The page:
HMRC’s Payment Strategy – campaigns to encourage electronic payments and repayments

HMRC’s Talking Points for agents on 11 July 2017 provided an interesting insight into HMRC’s Payment Strategy. HMRC established a Corporate Treasury function in April 2016, bringing together Banking and Corporate Finance (Debt Management was moved into Customer Services) and this has led to the development of a single HMRC payment strategy.

 

HMRC is seeking to encourage taxpayers to make payments electronically and to receive refunds by BACS. It wishes to reduce cheque payments made by post and outgoing payable orders, both to reduce its costs and because of the additional security that is provided by electronic transfers together with the greater certainty that payments will arrive by the due date.

 

Payments

Electronic payment has been mandatory for VAT since 2010 and for corporation tax since 2011. This requirement can be satisfied by making a payment with a cheque at a bank, but obtaining payslips has become increasingly difficult. HMRC continues to receive postal payments for VAT (60,000 per annum) and corporation tax (85,000 per annum) and currently accepts these payments even though the payment method in not in accordance with the regulations.

 

There are no current plans for mandatory electronic payment to be extended beyond VAT and corporation tax. However, HMRC has been running campaigns to encourage electronic payment and taxpayers who make postal payments are likely to be contacted by letter and/or phone encouraging them to pay electronically. The messages for VAT and corporation tax will be much firmer than for other taxes where electronic payment is not mandatory.

 

Given these campaigns, this may be an opportune time to consider encouraging those clients who pay HMRC by a cheque in the post to pay electronically, where this is possible. Cheques sent by post are liable to get lost, delayed or intercepted – the Tax Faculty receives periodic reports from members of such incidents.

 

HMRC already receives 92% of payments electronically but is actively working to increase this percentage.

 

Repayments

The subtitle of the presentation was “elimination of payable orders” and this rather alarming term has also been used in letters to taxpayers. HMRC has assured us that it is not, for now, removing payable orders as a method of repayment but its aim is to reduce them as much as possible and to eliminate them gradually over a number of years. This is being done through campaigns and some changes to processes and forms.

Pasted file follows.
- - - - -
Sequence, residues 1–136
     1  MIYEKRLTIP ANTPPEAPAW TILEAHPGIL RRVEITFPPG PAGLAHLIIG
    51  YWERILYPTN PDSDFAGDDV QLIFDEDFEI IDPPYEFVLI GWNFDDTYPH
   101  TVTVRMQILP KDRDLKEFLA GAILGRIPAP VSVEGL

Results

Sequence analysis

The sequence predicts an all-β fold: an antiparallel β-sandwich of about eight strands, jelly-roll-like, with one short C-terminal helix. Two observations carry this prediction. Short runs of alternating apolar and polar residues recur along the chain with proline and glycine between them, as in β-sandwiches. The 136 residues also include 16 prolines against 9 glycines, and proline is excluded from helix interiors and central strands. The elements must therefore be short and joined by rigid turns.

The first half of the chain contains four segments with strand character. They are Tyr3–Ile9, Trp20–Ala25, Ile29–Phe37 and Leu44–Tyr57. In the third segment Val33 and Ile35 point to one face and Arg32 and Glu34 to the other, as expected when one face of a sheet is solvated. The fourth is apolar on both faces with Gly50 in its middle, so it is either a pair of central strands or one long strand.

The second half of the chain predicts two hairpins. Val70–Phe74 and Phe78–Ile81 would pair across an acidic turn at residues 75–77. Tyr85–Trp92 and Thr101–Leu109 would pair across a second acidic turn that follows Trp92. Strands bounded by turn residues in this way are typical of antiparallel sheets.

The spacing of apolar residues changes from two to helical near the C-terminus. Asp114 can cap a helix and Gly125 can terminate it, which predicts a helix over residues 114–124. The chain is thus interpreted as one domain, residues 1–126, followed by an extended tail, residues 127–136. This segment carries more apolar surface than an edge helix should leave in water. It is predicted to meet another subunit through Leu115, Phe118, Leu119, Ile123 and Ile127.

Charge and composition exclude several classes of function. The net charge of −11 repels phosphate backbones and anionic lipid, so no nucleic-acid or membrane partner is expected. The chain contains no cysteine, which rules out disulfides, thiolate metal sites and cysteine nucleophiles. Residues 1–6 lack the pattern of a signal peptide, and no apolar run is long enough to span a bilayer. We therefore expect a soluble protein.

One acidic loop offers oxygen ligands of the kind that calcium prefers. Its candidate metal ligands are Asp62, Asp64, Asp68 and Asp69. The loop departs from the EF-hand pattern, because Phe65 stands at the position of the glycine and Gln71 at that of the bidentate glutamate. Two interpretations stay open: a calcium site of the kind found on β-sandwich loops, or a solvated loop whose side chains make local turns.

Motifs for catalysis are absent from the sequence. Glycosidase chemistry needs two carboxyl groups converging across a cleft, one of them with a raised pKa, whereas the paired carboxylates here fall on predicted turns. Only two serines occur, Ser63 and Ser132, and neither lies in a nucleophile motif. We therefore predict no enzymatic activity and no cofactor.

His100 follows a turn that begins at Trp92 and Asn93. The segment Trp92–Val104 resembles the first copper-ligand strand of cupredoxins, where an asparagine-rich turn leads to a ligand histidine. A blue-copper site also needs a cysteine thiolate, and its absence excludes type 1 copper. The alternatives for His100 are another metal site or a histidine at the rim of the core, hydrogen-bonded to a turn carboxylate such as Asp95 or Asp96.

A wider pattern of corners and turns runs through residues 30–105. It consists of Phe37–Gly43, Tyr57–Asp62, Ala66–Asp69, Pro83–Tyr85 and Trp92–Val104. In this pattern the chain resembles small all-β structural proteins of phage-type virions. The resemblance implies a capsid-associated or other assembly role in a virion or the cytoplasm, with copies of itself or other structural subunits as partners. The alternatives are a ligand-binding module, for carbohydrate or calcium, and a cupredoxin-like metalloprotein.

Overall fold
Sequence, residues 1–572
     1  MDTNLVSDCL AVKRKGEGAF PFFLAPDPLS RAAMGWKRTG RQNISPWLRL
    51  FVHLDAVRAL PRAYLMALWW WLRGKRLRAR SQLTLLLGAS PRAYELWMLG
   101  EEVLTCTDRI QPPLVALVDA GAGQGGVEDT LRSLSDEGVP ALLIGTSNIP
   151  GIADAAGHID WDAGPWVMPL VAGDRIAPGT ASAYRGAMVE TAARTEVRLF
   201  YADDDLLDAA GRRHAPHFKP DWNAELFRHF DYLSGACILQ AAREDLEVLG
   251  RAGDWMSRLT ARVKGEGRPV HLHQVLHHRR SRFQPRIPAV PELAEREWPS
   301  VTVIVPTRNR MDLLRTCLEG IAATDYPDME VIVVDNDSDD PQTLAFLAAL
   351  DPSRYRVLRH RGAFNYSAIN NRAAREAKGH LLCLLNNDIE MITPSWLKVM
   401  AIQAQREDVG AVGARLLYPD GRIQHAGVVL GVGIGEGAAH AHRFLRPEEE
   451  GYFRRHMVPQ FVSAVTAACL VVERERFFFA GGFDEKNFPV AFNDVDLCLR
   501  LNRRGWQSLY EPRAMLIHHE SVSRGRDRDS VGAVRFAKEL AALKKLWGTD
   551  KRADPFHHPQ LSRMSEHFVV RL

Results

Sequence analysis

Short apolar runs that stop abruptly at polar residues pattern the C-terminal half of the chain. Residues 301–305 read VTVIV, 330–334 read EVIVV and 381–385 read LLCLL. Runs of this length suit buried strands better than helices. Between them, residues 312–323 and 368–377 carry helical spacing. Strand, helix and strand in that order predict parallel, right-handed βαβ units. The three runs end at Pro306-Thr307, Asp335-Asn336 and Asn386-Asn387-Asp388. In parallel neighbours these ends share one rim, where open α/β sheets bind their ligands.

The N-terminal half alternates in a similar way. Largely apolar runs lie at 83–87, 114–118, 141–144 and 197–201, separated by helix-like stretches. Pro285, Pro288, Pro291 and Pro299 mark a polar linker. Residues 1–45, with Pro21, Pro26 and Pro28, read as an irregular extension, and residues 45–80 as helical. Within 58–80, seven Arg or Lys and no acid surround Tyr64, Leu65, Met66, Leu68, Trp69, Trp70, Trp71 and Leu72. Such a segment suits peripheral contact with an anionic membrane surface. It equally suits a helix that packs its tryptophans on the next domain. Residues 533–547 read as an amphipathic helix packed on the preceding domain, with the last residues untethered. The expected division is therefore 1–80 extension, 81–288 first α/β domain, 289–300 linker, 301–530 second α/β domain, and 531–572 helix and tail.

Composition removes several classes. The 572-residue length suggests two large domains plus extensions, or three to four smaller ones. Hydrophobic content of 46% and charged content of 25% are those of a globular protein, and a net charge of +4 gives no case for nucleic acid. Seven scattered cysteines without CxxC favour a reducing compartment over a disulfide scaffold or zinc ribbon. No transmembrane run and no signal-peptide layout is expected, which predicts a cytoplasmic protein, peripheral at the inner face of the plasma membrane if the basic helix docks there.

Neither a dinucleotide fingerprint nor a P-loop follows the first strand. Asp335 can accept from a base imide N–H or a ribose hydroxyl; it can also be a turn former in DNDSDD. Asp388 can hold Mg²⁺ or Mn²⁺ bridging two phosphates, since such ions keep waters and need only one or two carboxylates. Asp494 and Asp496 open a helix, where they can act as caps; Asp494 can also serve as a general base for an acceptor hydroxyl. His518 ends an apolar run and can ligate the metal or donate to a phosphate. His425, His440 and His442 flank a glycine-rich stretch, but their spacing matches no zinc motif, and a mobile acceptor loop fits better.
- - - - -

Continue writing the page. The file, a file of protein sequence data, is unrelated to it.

97% of the 350m payments that HMRC makes each year are made electronically. Of the 8m that are made by payable order, 10% are returned to HMRC uncashed. A payable order costs HMRC up to almost twice as much as a BACS payment.

 

In accordance with payment card industry standards, repayments will automatically be made to payment cards where:

 

  • the most recent payment was made using a card
  • the repayment is no more than the amount of the last payment made
  • the payment was made within nine months of the creation of the repayment.

 

In brief, the way to receive repayments electronically is as follows:

 

  • Self assessment – bank details should be entered on each SA100. The details are not held on the taxpayer’s record or carried forward to future tax years.
  • Corporation tax – bank details should be entered on each CT600. The details are not held on the taxpayer’s record or carried forward to future periods.
  • PAYE – electronic payment can be requested though the Personal Tax Account, bank details are not retained. This functionality was introduced in 2016.
  • VAT – bank details should be entered via the VAT online service or can be provided in writing.
  • Employer refunds – bank details should be provided when requesting the refund or on an EPS where available.

 

Further information can be obtained by listening to the webinar or on the Paying HMRC page on gov.uk. One member has commented that a reason for preferring repayments by payable order is that where HMRC makes a repayment in error the taxpayer can choose not to cash the order – further comments on this would be welcome.

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